Bipolar junction transistor (BJT) function is usually considered in terms of currents: a relatively small current through one of the transistor’s terminals exerts control over a much larger current. Draw the directions of all currents for these two transistors (one NPN and one PNP), clearly identifying which of the currents is doing the control, and which of the currents is being controlled:
The “beta” ratio (β) of a bipolar junction transistor, sometimes alternatively referred to as hFE, is a very important device parameter. In essence, it describes the amplifying power of the transistor. Give a mathematical definition for this parameter, and provide some typical values from transistor datasheets.
If we were to compare the energy diagrams for three pieces of semiconducting material, two “N” type and one “P” type, side-by-side, we would see something like this:
The presence of dopants in the semiconducting materials creates differences in the Fermi energy level (Ef) within each piece.
Draw a new energy diagram showing the equilibrium state of the three pieces after being joined together.
From an examination of the energy diagram for a BJT in its conducting mode (current existing through each of the three terminals: emitter, base, and collector), determine the biasing of the two PN junctions:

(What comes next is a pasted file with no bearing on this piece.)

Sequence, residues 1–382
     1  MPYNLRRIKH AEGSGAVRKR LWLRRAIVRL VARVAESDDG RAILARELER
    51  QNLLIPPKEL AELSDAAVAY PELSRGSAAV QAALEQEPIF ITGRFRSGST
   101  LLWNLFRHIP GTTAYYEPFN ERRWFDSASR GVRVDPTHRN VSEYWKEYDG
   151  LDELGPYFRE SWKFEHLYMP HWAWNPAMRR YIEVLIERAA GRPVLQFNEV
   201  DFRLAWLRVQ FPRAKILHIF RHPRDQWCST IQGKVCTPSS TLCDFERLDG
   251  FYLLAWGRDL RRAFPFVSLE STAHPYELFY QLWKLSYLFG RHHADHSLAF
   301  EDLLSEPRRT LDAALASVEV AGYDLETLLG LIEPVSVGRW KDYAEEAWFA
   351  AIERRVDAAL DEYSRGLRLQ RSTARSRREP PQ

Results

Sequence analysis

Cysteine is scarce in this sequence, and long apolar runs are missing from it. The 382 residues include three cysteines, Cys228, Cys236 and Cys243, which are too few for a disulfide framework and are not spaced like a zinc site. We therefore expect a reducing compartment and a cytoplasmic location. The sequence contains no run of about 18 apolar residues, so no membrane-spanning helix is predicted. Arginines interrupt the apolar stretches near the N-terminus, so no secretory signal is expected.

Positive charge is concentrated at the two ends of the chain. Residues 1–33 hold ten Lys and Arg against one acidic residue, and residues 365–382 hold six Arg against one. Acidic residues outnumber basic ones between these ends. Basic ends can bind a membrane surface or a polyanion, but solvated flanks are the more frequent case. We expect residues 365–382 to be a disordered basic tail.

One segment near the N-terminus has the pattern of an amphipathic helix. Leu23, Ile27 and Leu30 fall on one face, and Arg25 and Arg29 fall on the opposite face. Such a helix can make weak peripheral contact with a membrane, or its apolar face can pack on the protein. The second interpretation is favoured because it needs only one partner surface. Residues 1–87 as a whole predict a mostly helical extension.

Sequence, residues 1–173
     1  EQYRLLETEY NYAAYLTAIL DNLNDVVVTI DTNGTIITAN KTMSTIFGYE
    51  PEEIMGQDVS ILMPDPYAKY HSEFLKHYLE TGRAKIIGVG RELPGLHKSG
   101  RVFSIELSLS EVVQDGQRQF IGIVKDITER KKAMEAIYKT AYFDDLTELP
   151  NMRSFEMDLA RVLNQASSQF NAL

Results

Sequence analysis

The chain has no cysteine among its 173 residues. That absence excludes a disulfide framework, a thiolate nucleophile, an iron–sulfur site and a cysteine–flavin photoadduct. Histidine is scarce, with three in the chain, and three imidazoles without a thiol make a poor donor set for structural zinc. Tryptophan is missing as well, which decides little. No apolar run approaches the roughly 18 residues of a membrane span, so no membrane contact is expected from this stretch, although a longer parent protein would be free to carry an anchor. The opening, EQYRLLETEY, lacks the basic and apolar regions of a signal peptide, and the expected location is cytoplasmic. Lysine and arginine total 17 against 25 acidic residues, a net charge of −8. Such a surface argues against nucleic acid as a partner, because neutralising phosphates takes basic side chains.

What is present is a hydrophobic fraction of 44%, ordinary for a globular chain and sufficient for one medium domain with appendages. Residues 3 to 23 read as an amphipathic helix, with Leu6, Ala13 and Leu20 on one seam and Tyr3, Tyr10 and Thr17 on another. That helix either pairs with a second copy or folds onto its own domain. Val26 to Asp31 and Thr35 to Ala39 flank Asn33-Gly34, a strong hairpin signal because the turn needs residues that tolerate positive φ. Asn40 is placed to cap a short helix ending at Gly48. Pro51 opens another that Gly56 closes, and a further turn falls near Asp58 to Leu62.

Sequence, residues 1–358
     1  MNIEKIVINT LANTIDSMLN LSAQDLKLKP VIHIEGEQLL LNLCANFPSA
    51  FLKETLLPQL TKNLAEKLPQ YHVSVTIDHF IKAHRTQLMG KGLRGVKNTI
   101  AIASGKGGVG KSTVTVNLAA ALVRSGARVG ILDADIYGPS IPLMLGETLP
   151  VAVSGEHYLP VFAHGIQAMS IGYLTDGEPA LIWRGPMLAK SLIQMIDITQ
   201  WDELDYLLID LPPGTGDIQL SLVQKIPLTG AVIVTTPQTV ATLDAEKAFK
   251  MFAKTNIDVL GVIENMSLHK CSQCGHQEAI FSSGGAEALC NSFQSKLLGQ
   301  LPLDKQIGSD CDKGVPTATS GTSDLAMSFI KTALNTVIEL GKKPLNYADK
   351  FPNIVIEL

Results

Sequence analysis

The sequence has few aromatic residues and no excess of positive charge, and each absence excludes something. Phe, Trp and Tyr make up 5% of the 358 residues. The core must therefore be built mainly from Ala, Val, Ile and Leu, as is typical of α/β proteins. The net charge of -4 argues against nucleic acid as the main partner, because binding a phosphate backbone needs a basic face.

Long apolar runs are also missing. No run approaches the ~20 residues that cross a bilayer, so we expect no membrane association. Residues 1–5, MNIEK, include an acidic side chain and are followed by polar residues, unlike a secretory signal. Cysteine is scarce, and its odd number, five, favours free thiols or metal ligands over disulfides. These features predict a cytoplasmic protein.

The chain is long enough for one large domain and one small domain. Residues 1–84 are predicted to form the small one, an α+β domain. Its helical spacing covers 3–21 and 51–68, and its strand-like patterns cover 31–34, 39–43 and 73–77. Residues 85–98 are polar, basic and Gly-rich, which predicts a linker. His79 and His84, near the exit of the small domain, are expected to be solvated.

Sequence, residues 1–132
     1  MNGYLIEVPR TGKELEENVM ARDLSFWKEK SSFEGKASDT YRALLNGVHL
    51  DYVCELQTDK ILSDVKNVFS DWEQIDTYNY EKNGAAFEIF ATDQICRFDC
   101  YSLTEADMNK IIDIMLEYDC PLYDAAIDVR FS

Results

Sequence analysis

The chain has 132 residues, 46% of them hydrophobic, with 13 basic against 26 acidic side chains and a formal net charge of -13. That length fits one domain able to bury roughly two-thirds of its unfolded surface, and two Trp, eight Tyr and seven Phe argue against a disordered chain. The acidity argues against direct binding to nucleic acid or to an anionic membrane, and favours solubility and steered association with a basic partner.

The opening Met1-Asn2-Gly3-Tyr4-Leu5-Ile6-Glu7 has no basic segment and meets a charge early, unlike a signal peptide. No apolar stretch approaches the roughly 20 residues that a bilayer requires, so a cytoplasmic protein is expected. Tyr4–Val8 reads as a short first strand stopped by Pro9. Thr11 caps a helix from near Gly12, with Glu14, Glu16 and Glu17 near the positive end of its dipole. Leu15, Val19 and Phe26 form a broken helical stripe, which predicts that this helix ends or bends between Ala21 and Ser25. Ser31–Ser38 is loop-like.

- The emitter-base junction (forward or reverse biased?)
- The base-collector junction (forward or reverse biased?)
One of these two junctions actually operates in the reverse-bias mode while the transistor is conducting. Explain how this is possible, as a simple PN junction (a diode) operating in reverse-bias mode conducts negligible current.
Transistors act as controlled current sources. That is, with a fixed control signal in, they tend to regulate the amount of current going through them. Design an experimental circuit to prove this tendency of transistors. In other words, how could you demonstrate this current-regulating behavior to be a fact?
A beginning electronics student is just learning about transistors, and reads in the textbook that a bipolar transistor (either NPN or PNP) can be thought of as two diodes connected back-to-back as such: